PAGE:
The struggle is real. I spent hours, weeks, months trying to find a way to make my tester book, What If I Fall kids book, digitally accessible. What does that mean exactly? (This is for all you self-publishers out there, or authors who want to make sure your publisher is on the accessible road ahead.) Read on the mistakes I made, the lessons I learned, and what I wished I would have known.
text should be read separately and not embedded into the image.
I did this so wrong and it was terrible. I thought I was being creative by making text sit upside down, sideways, and patterned. This, in turn, made all of my text embedded into the images (meaning that a reader or any other device is not able to read it). Text and images should be done in separate layers (like in Amazon or iBooks, place the text after you’ve placed the image into the layout; or if in Photoshop or Illustrator, have the text on top of the image–also do this when preparing for print).
alt-text for images lets you give a brief description of what the image is about.
This was harder then I thought. There is a particular language to writing alt-text descriptions (not all software offer this option, like Amazon), so make sure you know what publishing paltforms allow for alt-text options. Remember to do your research on writing alt-text descriptions, as they should be specific but not too long. (Aside from ebooks, my entire page on this website disappeared because I made my alt-text too long one time–more than 30 words.) Also, speaking of images in websites, alt-text is different than attribution, which is the little text that pops up when a mouse cursor is on an idea (e.g. at the top menu of this site, if you put the mouse over the HOME or BOOKS tag, the title attribution will show as, ‘home page,’ or ‘books page’). Here’s a video for InDesign on how to do make ebooks visually accessible (then exported into an ePUB).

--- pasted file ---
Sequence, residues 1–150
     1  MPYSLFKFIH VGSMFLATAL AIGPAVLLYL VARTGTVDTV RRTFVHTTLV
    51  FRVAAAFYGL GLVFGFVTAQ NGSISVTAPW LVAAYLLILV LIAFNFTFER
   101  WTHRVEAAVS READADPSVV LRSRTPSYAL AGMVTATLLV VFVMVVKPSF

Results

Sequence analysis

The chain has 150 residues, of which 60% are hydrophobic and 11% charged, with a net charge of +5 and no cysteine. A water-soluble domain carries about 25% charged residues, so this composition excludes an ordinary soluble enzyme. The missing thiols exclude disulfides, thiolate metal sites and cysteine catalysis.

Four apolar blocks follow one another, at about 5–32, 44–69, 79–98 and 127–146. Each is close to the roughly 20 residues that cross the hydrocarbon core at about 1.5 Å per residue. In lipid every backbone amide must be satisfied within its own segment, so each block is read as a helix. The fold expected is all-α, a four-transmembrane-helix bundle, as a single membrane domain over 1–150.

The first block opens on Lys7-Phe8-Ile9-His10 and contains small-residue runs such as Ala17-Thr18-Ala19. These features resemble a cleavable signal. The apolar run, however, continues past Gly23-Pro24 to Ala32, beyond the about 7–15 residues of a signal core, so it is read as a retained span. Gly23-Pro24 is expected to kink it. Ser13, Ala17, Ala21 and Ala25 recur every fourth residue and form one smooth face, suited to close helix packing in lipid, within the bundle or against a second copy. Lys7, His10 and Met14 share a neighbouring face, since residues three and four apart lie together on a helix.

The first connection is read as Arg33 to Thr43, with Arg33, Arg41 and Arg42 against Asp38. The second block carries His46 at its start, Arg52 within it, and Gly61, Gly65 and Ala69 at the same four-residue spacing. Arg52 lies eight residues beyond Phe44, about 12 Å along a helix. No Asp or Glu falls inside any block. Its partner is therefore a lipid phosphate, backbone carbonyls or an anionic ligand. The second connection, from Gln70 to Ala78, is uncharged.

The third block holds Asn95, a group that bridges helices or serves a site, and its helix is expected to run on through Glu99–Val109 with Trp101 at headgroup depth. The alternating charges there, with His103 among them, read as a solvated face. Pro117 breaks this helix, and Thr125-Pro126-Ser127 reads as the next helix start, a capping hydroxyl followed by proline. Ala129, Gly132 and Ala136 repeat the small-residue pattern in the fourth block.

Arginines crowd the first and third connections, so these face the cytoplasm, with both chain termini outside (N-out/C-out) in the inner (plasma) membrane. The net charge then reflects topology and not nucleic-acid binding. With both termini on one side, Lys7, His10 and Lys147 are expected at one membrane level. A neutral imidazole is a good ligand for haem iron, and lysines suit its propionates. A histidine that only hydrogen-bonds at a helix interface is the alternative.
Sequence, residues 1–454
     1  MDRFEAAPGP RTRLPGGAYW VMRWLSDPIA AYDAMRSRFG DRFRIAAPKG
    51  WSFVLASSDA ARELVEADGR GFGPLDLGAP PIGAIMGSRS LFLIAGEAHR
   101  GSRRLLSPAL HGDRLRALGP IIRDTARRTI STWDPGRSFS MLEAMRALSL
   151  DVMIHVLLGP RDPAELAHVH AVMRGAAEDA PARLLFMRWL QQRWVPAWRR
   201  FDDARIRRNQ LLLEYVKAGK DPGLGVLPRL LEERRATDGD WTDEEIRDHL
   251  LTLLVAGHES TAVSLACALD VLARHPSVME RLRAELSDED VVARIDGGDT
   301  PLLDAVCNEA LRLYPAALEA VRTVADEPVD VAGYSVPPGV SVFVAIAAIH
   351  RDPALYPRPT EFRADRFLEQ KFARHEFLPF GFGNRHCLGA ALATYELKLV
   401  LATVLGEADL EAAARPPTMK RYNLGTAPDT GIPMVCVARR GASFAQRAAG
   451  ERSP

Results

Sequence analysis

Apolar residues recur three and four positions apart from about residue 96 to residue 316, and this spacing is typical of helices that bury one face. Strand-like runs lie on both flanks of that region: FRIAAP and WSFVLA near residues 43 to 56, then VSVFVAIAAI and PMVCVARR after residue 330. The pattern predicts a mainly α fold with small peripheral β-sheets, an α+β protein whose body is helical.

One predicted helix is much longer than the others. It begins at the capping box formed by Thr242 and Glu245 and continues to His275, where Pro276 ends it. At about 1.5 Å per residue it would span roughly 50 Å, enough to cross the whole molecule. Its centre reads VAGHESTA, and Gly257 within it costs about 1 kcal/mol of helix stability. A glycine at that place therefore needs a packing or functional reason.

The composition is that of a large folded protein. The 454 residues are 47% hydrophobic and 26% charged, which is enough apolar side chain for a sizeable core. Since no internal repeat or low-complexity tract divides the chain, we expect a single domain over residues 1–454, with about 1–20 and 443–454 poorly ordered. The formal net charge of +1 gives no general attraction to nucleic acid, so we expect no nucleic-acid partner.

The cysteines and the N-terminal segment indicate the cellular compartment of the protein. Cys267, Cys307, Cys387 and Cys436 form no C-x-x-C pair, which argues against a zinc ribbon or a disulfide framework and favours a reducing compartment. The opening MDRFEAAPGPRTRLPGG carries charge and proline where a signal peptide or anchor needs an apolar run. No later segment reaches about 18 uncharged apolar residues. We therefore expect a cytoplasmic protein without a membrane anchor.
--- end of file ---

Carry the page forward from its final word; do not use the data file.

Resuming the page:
audio and sound capabilities.
I’m all for multiple ways of learning, so I knew I wanted to have something outside of just words and images. Only iTunes came through–it was hard until it became easy. Side note on anything when a software reading text: always add periods/punctuation, otherwise, the words just run together. For example, each of the sections in this blog post, like ‘audio and sound capabilities,’ has a period at the end, but you can’t see it since I changed the font color to white.
Now, this was something I hadn’t thought of at the time of publishing, What If I Fall, but I recently realized that picking a color scheme can either be great or harmful for those who are colorblind. For example, on the backside of the book, the background is green and the mushroom is red. So for a red-green colorblind person, those colors will blend into one and the person would not be able to see the red mushroom. Luckily, I had outlined the mushroom in black, so the mushroom will appear, but not in the red color.
large and friendly text.
Fortunately, most kid’s books have small portions of text, so making a text big and spacious is great! This was a no-brainer. Moving on to the friendly text, which I didn’t do for this book, but will for a different book: using a font that is dyslexic friendly. Normally what that means, is the bottom of a letter is a lot heavier than the top of the letter, in a way anchoring the letters so that letters don’t move around town. This also includes spacing the distance between words in conjunction to each other.
This doesn’t exactly have much to do with ebooks, but I wanted to point out the importance of ‘ease of navigation’ for a user. This includes navigation from page to page or where audio listening buttons are placed, and the such.